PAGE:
Charlie Lucas (American, born 1951), Untitled, 1992–1996, from the series, New Breed, found objects, iron, and steel, Montgomery Museum of Fine Arts Association Purchase, 1996.16.1-.4, 1999.21, 2000.14.1-.2; Gift of friends of the artist and Montgomery Museum of Fine Arts Association Purchase, 1997.14; Montgomery Museum of Fine Arts Association Purchase made possible by a grant from the Alabama State Council on the Arts, 1998.10.1-.2
Charlie Lucas owns four acres of land in rural Autauga County, where he builds sculptures by recycling rusted metal refuse rescued from junkyards, scrap piles, and byways. He is sometimes classified as an “outsider” artist because of his lack of formal art training, but he is profoundly in touch with the spirit of art: the joy of creativity and the impact of art in people’s lives.
Like many artists, he began to learn his skills for creating art as a child. His great-grandfather was a blacksmith; his father, an auto mechanic, and his grandmother, a quilter. His sculpture originates with the scrap metal that he finds, piecing and welding it until it expresses a distinctive figure—animal or human—from his imagination.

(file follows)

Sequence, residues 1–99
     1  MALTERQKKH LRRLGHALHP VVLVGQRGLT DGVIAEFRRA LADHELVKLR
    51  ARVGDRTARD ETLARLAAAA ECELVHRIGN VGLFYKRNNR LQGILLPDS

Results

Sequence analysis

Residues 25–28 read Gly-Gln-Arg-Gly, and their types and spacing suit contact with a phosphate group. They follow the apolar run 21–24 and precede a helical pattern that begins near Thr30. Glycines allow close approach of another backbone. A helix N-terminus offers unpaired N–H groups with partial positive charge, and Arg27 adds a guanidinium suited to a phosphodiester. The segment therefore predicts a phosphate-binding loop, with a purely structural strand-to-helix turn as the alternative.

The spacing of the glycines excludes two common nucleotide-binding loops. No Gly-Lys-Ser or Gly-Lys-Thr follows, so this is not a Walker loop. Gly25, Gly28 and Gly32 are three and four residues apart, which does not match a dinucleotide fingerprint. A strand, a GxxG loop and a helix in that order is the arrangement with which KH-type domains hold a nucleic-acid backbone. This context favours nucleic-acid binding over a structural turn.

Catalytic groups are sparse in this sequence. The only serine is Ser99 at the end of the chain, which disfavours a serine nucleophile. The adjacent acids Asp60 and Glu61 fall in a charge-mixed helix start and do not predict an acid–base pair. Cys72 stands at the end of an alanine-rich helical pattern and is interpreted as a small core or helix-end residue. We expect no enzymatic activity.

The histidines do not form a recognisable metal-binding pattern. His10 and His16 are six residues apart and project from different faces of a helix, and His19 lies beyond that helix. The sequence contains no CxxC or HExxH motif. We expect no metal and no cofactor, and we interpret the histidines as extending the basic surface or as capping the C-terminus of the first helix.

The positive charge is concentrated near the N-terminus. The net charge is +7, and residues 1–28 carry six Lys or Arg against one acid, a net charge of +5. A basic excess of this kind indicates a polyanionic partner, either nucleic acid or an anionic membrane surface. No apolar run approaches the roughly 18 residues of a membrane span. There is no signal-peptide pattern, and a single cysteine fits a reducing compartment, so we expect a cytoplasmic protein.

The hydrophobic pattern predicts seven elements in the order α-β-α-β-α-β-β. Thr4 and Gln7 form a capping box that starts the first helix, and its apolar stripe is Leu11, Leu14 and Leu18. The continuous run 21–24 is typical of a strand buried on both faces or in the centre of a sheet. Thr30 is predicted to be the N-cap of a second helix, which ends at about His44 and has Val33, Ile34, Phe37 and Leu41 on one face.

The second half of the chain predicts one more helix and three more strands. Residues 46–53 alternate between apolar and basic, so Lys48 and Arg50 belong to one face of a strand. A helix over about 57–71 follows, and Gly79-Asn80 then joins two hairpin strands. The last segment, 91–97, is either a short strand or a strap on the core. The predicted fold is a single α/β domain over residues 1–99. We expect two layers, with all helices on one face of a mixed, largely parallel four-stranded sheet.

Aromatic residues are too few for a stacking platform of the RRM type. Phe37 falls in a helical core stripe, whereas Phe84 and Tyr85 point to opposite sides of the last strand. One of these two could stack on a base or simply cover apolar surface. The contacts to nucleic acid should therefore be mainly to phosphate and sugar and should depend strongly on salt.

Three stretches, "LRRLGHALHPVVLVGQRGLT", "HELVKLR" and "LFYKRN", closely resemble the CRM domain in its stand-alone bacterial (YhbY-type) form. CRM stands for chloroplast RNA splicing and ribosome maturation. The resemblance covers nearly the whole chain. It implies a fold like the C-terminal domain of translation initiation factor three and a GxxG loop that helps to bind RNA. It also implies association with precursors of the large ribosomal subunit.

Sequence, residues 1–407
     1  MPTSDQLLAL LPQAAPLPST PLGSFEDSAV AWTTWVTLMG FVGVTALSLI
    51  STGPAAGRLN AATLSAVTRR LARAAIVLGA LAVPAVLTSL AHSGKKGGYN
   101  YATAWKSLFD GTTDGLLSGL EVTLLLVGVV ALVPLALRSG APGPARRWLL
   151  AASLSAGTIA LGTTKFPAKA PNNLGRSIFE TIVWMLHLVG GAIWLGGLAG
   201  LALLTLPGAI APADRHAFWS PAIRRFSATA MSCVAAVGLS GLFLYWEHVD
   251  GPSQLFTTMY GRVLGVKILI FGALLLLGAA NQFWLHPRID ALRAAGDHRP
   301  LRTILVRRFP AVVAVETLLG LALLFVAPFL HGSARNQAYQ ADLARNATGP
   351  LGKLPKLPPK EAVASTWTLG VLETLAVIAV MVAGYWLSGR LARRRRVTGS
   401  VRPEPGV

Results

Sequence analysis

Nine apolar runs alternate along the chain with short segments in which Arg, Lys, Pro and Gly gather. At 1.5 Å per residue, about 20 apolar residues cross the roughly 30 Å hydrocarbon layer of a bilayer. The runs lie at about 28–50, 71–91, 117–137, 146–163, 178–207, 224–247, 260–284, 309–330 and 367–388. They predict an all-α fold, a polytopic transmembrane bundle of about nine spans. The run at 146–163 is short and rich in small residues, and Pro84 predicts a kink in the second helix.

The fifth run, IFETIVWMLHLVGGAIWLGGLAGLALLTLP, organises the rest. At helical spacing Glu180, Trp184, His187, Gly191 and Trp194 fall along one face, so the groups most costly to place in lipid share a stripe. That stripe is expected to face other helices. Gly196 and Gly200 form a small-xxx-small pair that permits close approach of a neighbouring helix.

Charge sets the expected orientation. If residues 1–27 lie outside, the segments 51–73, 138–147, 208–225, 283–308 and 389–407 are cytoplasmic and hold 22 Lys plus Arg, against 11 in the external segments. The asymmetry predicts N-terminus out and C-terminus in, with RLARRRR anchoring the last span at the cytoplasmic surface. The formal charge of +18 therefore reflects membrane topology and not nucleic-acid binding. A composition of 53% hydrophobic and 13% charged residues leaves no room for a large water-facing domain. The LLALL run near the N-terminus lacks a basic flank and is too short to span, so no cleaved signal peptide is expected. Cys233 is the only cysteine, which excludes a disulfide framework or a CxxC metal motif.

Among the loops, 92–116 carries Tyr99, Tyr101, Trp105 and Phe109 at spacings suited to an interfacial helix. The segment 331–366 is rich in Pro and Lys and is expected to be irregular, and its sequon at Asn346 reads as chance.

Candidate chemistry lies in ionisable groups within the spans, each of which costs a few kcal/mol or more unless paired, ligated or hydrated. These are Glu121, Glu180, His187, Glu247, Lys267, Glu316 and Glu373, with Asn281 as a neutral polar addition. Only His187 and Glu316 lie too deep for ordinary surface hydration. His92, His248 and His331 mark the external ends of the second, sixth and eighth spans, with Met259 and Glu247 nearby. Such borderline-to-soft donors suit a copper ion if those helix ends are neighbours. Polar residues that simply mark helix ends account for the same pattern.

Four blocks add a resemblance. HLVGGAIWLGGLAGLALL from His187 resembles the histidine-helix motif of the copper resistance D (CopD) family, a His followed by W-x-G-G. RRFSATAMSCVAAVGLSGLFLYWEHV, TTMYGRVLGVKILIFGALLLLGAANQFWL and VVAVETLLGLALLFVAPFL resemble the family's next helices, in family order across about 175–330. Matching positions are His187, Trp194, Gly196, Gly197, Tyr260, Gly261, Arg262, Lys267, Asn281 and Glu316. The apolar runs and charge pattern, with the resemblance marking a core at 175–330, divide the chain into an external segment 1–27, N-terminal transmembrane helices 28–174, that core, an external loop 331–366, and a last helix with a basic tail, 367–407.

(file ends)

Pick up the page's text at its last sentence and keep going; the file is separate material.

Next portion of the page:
In 1992, Lucas began working on The New Breed, a series of quadruped figures that resemble deer, horses, or dinosaurs. He sees these creatures as composite animals, their beautiful curves suggesting air and water, as well as creatures tied to the earth.
Right: Charlie Lucas, ca. 1996 with Untitled, 1992–1996, 1996.16.1
Organized by the Montgomery Museum of Fine Arts, Montgomery, Alabama.
Support for this installation was provided in part by a grant from the Alabama State Council on the Arts.